gig reviews

BlackWolf / Hand Of Dimes / SKAM

Where: The Exchange // When: 22/02/2014

by Duncan Everson


Looking around in The Exchange before the gig, I spotted a few SKAM T-shirts and took this as a good sign. As the band are from Leicester, I was immediately thinking they must be good to attract fans this far away. This proved to be the case when they blasted onto the stage and straight away you knew what you were going to get; straight-forward, no-frills, good, old-fashioned rock. Lovely! Alternating tracks from their debut album with songs from their next, showed why they have just signed a worldwide record deal as they were all of a similar quality; although ‘Soldiers Of Rock’ and ‘No Lies’ particularly impressed. Also the new track ‘Holy City’ was one to look out for on the new album as I made special note of its excellent riff. Singer and guitarist Steve Hill, is a great frontman and musician and seemed at home on the stage, as he had a good laugh with the band and the crowd. While bassist Matt Gilmore is one of those characters you just can’t take your eyes off when he’s on stage; he was constantly leaping around and pulling faces, looking like he was having a great time. I’m definitely looking forward to the new album and seeing SKAM again soon.

Hand Of Dimes

Moving on, Hand Of Dimes played a slightly more laid back and bluesy kind of rock that reminded me slightly of The Union - which is no bad thing. Fronted by Nev MacDonald, who had success with the bands Skin and Kooga, the band started off the night with ‘Looking At You’ and quickly followed it with ‘Bad Reputation’, which featured Nev’s old songwriting partner from Kooga, Neil Garland on harmonica. This is a band which clearly have years of experience on stage, which was demonstrated with their easy manner and relaxed playing. After Nev had changed to his acoustic guitar the band played a trio of numbers and finished with ‘Jacob’s Ladder’, which was my favourite and featured Neil’s keyboards heavily with a bluesy guitar which reminded me of Gary Moore. Wonderful stuff. Hand Of Dimes are a class act and well worth seeing if you get the chance.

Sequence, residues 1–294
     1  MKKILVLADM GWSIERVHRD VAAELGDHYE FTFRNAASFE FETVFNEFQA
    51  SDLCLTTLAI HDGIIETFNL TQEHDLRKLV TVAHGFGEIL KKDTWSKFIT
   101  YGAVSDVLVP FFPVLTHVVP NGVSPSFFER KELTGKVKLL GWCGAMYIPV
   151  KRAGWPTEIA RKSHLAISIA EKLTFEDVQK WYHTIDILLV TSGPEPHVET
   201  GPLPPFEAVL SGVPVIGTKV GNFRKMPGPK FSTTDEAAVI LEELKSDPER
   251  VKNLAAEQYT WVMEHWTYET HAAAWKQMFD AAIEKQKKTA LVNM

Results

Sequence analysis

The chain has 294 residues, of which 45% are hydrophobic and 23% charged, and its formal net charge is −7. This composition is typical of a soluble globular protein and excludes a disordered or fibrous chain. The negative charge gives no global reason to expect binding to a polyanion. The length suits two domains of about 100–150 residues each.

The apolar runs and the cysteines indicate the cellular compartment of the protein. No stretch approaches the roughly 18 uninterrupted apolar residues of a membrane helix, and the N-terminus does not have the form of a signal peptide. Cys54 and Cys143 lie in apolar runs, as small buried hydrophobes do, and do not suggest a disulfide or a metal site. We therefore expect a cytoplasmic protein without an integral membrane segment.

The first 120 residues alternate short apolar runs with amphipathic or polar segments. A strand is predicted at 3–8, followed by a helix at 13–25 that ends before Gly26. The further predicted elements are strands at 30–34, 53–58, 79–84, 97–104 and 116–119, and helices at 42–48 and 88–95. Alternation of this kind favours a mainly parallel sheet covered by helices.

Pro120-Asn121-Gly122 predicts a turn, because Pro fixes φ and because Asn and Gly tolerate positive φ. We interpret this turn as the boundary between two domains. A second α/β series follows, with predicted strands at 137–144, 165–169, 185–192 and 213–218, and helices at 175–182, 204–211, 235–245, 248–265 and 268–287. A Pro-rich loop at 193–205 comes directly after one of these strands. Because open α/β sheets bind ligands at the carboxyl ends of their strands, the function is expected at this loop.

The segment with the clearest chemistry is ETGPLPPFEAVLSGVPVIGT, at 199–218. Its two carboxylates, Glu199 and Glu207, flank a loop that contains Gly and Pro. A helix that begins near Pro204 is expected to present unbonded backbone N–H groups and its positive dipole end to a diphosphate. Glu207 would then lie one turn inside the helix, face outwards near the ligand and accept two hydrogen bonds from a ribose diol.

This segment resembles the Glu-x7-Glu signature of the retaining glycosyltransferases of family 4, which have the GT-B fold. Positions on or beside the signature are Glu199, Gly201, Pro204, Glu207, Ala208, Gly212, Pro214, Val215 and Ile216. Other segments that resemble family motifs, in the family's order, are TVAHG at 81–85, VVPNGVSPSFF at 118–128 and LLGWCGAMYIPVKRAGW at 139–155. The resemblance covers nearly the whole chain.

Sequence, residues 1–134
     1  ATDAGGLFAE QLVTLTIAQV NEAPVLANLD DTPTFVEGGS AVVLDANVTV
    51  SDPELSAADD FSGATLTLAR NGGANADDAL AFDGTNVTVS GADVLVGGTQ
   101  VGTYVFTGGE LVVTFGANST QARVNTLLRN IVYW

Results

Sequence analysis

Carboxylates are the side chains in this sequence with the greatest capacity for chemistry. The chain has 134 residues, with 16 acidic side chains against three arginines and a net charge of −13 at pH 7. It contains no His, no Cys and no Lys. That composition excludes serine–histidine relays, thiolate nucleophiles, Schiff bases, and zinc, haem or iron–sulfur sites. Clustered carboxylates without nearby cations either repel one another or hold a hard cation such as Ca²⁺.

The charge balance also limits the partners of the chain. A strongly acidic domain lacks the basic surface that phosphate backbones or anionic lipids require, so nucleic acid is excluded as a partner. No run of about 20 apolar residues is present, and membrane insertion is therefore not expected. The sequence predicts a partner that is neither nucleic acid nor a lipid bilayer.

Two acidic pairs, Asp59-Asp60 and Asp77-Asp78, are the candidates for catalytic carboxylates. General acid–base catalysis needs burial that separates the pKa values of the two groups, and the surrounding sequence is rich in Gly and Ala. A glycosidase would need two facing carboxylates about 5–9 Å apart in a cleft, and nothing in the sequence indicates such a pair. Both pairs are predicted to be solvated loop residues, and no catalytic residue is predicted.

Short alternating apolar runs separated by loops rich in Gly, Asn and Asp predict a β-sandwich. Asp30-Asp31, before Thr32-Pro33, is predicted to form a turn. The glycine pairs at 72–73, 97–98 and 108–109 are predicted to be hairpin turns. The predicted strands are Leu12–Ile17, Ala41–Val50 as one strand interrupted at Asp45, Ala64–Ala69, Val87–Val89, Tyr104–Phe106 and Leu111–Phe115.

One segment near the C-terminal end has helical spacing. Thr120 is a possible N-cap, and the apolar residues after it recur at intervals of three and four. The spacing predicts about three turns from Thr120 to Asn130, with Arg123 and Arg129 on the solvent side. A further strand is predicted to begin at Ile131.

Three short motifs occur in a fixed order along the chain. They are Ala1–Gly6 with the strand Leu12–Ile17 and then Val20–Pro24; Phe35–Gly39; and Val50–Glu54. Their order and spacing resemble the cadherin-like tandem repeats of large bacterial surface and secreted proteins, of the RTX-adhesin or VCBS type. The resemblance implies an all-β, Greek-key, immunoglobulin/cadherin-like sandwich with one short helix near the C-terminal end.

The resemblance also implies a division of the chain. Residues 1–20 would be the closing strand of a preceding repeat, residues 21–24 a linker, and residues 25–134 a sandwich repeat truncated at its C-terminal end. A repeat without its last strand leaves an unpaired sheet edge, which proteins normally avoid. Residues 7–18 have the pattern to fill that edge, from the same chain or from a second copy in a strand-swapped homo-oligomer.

In a wonderful coincidence, BlackWolf were the first band on stage for my first review for Live-Music-Scene and they were to be the last one on as well. Having seen them before I knew what to expect to some extent, but this time I was more familiar with the material from their excellent debut album. Starting with the last single, ‘Mr. Maker’ and following it with the current one, ‘Keep Moving On’, the band were on fine form on stage. Drummer Thomas Lennox-Brown didn’t miss a beat, and was particularly impressive on ‘Moving Mountains’, while bassist Ben Webb prowled the right hand side of the stage filling out the bottom end beautifully. Next to him was rhythm guitarist Jason Cronin, who I have to admit, reminds me of a cross between Angus and Malcom Young - Malcom’s dependability and Angus’ inability to stand still - and the stature of them both! Centre stage belonged to singer Scott Sharp. I use the word belonged on purpose there because Scott is a man who was born to do this, with an incredible voice that sounds even better live than on record and the stage presence to go with it. But, for me, the star of the show is lead guitarist John Greenhill. This man is a seriously good player and like all the best artists, makes it look so easy. Fantastic, blues tinged solo’s effortlessly flow and to hear the way the two guitarists play off each other on the classic rock inspired riffs is just a joy. A bit of Zeppelin, a pinch of AC/DC, some ZZ Top and countless others have influenced the band but the closest contemporary reference I can think of would be The Answer. As The Answer are one of my favourite bands this might go some way to explaining why I love this band like I do! BlackWolf are currently getting great reviews for their debut album everywhere and are just about to head out on tour with The Answer, where they will undoubtedly and deservedly increase their fan base greatly. It was brilliant to see BlackWolf in a small venue this time, especially because they won’t be playing them much longer.

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